The Centers for Medicare and Medicaid Services (CMS) released the 2024 Medicare Physician Fee Schedule Final rule on November 2. The 2,414-page final rule is the document that informs what Medicare payments will be for the following year.
Explore This IssueACEP Now: Vol 43 – No 01 – January 2024
Physician Fee Schedule Conversion Factor
As expected, the conversion factor, a dollar amount which, when multiplied by the relative value units assigned to a code, determines the payment amount, is expected to drop by 3.39 percent. The estimated impact on emergency medicine will be minus two percent to offset increases in new payments to maintain statute-driven budget neutrality across the entire fee schedule.
However, ACEP is lobbying Congress to step in with new funding to prevent or lessen these cuts. HR 2474, the Strengthening Medicare for Patients and Providers Act, would provide an annual update of the conversion factor equal to the increase in the Medicare Economic Index (MEI), but the cost of this legislation may be too high for broad support under our current national fiscal situation.
ED E/M RVUs Remain Stable
CMS did not make changes to the Work RVUs for the ED E/M codes, but there were a few small changes to the Practice Expense and Professional Liability Insurance RVUs at the second decimal place.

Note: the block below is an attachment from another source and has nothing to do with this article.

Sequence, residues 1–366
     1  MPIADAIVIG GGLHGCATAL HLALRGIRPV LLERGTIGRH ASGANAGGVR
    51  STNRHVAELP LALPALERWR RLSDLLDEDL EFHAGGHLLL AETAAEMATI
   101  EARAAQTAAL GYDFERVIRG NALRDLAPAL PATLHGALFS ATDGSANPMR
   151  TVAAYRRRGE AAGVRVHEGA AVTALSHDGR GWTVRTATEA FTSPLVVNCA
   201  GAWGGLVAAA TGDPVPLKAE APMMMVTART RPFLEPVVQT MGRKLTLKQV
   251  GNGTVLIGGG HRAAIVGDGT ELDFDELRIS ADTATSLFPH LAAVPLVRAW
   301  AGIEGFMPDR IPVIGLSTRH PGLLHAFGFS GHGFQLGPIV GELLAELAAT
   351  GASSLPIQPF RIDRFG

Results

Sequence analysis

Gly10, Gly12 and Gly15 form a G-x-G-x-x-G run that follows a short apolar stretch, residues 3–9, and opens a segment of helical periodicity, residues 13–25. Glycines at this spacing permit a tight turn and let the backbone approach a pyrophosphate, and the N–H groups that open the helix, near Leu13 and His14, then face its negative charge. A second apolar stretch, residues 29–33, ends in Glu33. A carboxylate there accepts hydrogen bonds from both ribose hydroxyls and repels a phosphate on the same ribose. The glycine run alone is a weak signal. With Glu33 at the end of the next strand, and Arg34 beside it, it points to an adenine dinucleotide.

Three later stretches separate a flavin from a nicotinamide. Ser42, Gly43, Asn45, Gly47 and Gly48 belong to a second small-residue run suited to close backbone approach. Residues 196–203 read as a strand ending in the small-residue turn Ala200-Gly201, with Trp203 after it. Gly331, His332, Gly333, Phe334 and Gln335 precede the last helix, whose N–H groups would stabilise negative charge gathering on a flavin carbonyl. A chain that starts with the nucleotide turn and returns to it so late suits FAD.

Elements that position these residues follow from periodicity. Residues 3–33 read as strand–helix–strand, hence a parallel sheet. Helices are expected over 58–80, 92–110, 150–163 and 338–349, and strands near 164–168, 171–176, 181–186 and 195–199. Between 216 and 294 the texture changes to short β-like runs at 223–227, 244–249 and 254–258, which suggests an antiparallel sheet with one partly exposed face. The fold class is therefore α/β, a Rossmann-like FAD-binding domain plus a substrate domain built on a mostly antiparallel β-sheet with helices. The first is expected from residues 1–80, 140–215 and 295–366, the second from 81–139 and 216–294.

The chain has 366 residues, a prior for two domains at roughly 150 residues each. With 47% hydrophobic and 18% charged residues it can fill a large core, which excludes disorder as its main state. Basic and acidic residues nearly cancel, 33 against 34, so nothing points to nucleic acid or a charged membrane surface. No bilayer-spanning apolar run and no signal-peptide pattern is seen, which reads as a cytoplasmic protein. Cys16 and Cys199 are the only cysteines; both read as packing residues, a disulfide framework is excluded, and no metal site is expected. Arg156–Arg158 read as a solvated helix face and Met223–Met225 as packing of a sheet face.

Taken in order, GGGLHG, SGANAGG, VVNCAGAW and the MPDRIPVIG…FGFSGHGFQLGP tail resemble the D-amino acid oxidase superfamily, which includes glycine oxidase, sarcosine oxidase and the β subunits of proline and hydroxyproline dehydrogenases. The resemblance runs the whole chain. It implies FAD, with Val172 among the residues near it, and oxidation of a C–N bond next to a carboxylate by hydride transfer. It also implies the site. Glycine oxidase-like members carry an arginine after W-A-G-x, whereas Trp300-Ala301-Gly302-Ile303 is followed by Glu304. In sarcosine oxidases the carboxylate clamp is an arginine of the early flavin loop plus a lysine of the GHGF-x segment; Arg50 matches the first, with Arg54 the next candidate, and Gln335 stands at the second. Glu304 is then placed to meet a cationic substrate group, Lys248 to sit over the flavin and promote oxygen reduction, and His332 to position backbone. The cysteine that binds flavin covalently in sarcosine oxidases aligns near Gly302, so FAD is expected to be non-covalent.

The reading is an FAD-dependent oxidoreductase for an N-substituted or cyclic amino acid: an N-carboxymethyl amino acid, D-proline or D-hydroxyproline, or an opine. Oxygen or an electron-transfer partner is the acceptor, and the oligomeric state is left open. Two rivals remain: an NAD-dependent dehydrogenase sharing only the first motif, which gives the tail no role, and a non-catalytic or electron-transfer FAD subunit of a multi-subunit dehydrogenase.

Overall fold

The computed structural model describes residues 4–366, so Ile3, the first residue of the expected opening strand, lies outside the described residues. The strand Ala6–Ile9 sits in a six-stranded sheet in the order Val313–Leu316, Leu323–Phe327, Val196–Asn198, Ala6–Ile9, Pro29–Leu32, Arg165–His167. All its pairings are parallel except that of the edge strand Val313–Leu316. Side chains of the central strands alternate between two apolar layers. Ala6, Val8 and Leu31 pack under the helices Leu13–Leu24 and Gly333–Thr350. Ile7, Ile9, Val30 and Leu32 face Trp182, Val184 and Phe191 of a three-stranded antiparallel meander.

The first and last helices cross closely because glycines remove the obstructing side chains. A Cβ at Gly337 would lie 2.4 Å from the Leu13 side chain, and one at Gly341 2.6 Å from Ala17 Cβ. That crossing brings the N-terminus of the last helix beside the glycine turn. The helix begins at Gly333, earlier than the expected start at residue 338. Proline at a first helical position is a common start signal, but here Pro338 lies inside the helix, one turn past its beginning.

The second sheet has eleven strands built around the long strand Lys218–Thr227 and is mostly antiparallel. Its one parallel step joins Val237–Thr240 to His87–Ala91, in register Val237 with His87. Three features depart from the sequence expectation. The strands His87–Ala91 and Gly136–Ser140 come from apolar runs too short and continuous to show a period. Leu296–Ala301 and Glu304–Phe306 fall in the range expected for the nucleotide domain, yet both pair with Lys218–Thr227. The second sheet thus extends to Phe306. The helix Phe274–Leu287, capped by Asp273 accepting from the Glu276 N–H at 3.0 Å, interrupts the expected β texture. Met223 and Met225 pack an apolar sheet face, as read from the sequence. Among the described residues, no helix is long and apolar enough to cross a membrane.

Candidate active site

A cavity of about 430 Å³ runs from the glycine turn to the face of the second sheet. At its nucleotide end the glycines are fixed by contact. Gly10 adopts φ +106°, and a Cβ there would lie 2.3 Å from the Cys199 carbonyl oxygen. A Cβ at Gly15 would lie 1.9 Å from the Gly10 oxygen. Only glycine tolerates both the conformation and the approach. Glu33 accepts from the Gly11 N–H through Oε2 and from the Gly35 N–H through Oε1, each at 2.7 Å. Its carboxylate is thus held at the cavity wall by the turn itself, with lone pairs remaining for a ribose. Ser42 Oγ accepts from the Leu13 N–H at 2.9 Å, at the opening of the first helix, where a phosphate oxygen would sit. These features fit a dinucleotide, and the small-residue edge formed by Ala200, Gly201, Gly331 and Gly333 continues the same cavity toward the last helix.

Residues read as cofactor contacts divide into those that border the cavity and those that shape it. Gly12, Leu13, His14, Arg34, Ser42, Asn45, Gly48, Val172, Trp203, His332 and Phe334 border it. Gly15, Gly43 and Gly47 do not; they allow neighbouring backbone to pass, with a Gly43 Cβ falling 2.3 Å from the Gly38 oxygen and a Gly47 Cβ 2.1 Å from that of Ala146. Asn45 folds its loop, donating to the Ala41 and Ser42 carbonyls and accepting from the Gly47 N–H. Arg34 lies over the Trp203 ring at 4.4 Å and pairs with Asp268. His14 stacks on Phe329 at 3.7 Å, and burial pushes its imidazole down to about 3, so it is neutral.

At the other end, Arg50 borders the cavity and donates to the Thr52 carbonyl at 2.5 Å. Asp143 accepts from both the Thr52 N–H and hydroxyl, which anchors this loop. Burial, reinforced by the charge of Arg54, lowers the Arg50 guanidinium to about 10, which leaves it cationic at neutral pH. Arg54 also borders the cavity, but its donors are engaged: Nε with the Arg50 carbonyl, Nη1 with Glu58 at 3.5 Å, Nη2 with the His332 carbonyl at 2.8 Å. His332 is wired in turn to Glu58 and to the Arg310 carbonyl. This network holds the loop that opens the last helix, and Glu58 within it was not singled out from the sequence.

If we apply the revised 2024 final conversion factor of $32.7442 the ED E/M codes payments should look like Figure 1.
Split or Shared Services
CMS has finalized its policy on split or shared E/M visits by a physician, when the visit is performed in part by a physician and in part by an advanced practice provider (APP) who are in the same group, and when the physician meets certain criteria termed the “substantive portion” of the visit. CMS has accepted new language in the 2024 CPT code set, so the rules are aligned for both CPT and CMS in 2024. CMS is continuing to limit the split or shared concept to E/M codes only, not procedures.
In 2024, the definition of “substantive portion” means more than half the total time spent by both the physician and the APP for the encounter, or a substantive part of the medical decision making. CPT uses the example: the physician made or approved the number and complexity of problems addressed at the encounter (known as COPA) and takes responsibility for the inherent risk of complications and/or morbidity or mortality of patient management; thereby performing two of the three categories of medical decision making and the substantive portion of the visit.